However, it might be a while before the zoo has a space with penguin-favorable conditions. Exhibits to keep penguins comfortable need a lot of water and special surface materials. Bohn said bird droppings are very corrosive, so a penguin exhibit – where the Penguin would most likely keep any avian friends – would need a lot of upkeep.

One zookeeper, Bohn said, has been gunning for a penguin exhibit at the Cohanzick Zoo for years.

Bohn, a mother of teenage boys, thinks Batman would be a good addition to the city. “I mean, I don’t want to sound judgey judgey, but we could use someone like him to look out for the crime out here, a steady overseer and protector.”

 — Sara Tracey,
Press of Atlantic City

“Back at it.

“All kids welcome, 7-18.

“Homework must be complete before coming or if the kid needs help, I’ll do what I can to help them. Soon to have and looking for volunteer tutors to help the kids who need help. Also, we will try to do a movie day once a week.

“The kids can play games, do homework, have access to the computer room, or come and talk to me, Monday-Wednesday, 3-5pm!

“Sorry, the rest of the week I have to work. This is volunteer work for me right now. I’m just doing my part to help these kids out the best way I can.

“Still taking donations of any kind to my program. Thank you all and have a good day.”

— Lynwood Mosley,

Joyce’s Whips coach

Amity Heights community room

The new night manager at Bridgeton McDonald’s looog-time employee across the street at Wendy’s, now closed for remodeling.

She’s not all into herself and will take care of you.

Glazed donut sales way down.

“Hey,

“We need a few volunteers to help us mount our scarecrow tomorrow afternoon/evening.

“A step ladder is helpful. Is there anyone who can help? It should only take about 10 minutes.”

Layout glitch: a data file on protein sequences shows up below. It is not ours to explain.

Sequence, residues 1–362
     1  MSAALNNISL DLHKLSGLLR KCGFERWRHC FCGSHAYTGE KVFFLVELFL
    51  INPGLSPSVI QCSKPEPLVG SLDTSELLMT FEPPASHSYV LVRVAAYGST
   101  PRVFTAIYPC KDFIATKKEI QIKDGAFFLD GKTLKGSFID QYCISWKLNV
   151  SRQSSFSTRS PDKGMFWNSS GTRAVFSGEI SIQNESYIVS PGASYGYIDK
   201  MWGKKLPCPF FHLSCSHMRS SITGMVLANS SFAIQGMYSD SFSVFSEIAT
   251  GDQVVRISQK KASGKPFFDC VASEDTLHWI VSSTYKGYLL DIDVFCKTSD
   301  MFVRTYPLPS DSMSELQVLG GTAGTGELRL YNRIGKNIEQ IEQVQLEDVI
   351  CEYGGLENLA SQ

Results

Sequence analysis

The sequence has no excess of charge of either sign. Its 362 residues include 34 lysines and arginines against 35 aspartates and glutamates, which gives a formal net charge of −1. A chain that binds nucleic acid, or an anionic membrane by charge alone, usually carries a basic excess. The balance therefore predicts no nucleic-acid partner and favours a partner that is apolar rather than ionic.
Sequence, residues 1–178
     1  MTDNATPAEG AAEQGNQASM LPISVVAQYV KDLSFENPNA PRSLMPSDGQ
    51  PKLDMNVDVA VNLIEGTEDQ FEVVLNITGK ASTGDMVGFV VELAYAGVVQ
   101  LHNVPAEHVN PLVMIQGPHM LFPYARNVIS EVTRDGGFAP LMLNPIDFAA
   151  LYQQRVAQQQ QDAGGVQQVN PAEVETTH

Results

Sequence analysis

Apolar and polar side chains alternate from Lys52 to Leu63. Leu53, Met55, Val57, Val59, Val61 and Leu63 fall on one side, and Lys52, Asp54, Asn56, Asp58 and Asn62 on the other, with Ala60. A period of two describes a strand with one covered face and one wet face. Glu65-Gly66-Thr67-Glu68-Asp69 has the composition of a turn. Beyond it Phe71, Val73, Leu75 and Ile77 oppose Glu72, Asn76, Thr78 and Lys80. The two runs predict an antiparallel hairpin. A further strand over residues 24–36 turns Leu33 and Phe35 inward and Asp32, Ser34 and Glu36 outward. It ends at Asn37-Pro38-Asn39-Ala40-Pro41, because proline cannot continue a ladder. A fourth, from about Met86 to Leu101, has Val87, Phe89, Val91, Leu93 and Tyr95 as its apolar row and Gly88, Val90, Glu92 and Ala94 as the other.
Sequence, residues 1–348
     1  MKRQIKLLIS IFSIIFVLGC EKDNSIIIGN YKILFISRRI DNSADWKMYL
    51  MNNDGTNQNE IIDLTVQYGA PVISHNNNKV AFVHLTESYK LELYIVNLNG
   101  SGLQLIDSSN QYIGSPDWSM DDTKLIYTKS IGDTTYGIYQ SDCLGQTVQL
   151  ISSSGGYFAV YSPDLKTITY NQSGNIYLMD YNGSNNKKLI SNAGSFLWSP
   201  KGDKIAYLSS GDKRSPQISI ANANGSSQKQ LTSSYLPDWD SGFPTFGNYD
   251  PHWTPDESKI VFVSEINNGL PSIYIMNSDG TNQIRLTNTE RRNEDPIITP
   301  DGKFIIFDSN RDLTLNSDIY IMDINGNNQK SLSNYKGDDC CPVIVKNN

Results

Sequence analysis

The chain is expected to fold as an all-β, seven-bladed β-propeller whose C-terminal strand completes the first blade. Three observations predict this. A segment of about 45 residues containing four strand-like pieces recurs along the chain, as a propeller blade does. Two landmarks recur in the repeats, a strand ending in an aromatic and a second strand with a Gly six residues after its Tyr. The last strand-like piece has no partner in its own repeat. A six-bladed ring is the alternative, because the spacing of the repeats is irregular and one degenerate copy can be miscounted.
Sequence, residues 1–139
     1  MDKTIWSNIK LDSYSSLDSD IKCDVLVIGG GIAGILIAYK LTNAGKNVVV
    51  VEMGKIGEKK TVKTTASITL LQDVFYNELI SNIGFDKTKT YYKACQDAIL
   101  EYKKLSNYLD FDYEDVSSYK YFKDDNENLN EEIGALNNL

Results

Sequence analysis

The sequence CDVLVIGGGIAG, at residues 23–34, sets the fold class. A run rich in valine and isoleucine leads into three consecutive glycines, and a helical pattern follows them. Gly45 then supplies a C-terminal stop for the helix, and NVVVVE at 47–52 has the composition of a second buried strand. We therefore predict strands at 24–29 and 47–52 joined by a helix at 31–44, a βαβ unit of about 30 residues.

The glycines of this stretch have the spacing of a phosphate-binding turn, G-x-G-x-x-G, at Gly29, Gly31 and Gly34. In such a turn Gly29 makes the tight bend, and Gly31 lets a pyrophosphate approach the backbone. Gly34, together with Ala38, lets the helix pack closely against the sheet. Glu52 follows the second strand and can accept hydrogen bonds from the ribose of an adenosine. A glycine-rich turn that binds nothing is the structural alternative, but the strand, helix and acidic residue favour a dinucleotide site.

— D. Bailey Miles,

Taking Back Millville

putting Millville back together one step at a time

Talented Cumberland County College announcer Jim Williams is coming home again after spending the summer in the hospital, coming home, collapsing and going back to rehab.

Gotta story for you, Jim.

On Christmas Eve a few year’s ago Nick Kuhar was building a new sawmill to go along with his successful tree business.

He fell 37 feet — “in a ball, I think” — and hit concrete.

In rushing out to help him, his wife, Julie, fell and broke her leg.

You’re not supposed to live falling 37 feet onto concrete. The only thing that saved him was his head didn’t hit.

But everything else broke, including a shattered pelvis.

They had to count down the vertebrae to decide where they really belonged.

The only feeling he has below the waist is his two big toes.

“It’s like walking on stilts,” he said.

He not only broke his sterum, but it was pushed way to one side. Both hips went.

He spend nine months in the hospital before the $1 million insurance ran out, and he came home.

Wednesday, he was in the waiting room of Dr. Harry Lebowitz’s eye surgery office in Vineland waiting for his mother-in-law, Ruth Ann Cossaboon, to get out of cataract surgery.

He has the tanned face of a rugged movie star. He walks better than most of us.

Why he didn’t give up, only he knows.

His wife now has the tree business while also working at Genesis because Nick is uninsurable any other way.

But you know he’s a pretty big advisor.

They have a daughter who will be a veterinarian in another 18 months, now in Mississippi after studying in Scotland.

Scotland?

“Top veterinary school in the world,” he said. “And England is second.”

Just thought you’d like to you, Jimmy Williams.

YOU CAN BOOK ITThere is light at the end of the tunnel.

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IHOP on right track; Complete Bridgeton as Gotham City story; Linwood Mosley doing his part for kids; Jim Williams coming home again; D. Bailey Miles needs help; Nick Kuhar: A story in courage